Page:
This June, the U.S. Senate is slated to vote on a major global warming bill designed to cut greenhouse gas emissions. The bill relies on a cap and trade system to limit carbon dioxide, and its lead sponsors in the Senate – Independent Joe Lieberman and Republican John Warner – say they're picking up more and more supporters. But the opposition is also growing – even some lawmakers who say they want to see action on climate change don't like this bill. So, as "Living on Earth's" Jeff Young reports, the legislation faces a steep climb up Capitol Hill.
Virginia's stately Senator John Warner is stepping down after 30 years in office. Before retiring to his prize-winning sunflower garden he has one last item on his to-do list, and it's a doozy: cutting the country's greenhouse gases.
His bill aims to reduce carbon dioxide emissions from across the economy so that by mid-century the U.S. would put out about 70 percent less CO2 than it did in 1990. Warner's Senate colleagues want to know what that's going to cost.
WARNER: "It's just not the Republicans; all are concerned about what is the impact at the gas pump when you fill up your car. What is the impact in trying to heat your house? Now, you get right down to consumer level and that's big votes."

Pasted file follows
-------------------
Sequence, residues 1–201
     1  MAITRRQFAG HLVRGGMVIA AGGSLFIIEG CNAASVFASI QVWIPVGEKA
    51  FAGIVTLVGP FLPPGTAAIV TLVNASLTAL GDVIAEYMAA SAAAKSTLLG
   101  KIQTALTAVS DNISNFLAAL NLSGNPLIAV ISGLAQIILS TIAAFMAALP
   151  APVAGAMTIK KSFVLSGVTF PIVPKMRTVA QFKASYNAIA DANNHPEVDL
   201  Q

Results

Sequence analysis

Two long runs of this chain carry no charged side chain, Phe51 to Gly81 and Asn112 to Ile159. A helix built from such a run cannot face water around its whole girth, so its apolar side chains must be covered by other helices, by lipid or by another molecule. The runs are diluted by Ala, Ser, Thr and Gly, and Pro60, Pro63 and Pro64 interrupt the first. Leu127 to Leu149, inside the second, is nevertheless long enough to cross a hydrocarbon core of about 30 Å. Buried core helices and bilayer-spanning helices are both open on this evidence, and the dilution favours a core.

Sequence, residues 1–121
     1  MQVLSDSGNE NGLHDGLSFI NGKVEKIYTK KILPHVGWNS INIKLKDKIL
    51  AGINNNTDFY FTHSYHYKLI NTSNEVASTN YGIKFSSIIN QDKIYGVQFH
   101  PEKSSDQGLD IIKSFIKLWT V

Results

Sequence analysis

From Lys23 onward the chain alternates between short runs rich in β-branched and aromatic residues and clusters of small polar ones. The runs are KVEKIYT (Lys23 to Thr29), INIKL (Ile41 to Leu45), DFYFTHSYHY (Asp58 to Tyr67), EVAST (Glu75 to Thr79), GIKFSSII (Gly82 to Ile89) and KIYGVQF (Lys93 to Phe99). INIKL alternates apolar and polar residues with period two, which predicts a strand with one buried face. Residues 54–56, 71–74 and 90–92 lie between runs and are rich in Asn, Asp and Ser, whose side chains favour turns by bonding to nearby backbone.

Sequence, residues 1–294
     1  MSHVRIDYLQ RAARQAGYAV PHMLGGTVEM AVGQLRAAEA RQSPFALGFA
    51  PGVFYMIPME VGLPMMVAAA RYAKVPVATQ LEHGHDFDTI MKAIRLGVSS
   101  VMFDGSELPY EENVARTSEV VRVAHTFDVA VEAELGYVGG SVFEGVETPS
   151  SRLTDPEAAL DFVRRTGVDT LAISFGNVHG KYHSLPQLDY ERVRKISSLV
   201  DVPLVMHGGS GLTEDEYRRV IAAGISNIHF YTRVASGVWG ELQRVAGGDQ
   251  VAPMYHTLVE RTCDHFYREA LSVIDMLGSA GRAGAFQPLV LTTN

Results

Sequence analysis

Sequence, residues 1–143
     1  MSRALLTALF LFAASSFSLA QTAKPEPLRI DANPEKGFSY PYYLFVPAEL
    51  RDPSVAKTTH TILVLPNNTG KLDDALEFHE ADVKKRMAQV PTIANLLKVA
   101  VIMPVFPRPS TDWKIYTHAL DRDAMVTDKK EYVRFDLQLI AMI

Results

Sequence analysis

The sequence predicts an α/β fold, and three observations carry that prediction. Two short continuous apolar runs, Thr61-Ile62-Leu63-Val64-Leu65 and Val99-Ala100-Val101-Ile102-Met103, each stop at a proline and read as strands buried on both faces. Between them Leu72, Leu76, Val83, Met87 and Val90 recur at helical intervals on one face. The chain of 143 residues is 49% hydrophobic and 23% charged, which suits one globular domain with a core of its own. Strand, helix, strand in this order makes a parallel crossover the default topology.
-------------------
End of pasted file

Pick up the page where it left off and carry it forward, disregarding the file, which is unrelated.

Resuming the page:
Warner's bill has a lot of provisions to soften the blow: things like assistance for low-income consumers and home energy efficiency programs. And the bill's cap and trade system would allow companies to buy and sell the rights to emit CO2. That's generally viewed as a market-friendly approach. Warner's partner, Connecticut's Joe Lieberman, says that the trading system will have independent oversight to avoid the mistakes that made Europe's carbon trade open to market manipulation.
The bill faces stiff opposition from the National Chamber of Commerce and Manufacturers Association, who say the carbon cap will cost too much and kill jobs. Lieberman says economic analysis shows the bill's costs are manageable. And he says Senate support for the bill is getting close to 60 – that's the magic number needed to overcome a filibuster in the Senate. However, as he left a recent press conference, Lieberman told me that he does not yet have the support of one of his closest climate allies in the Senate – the man he supports for president – John McCain.
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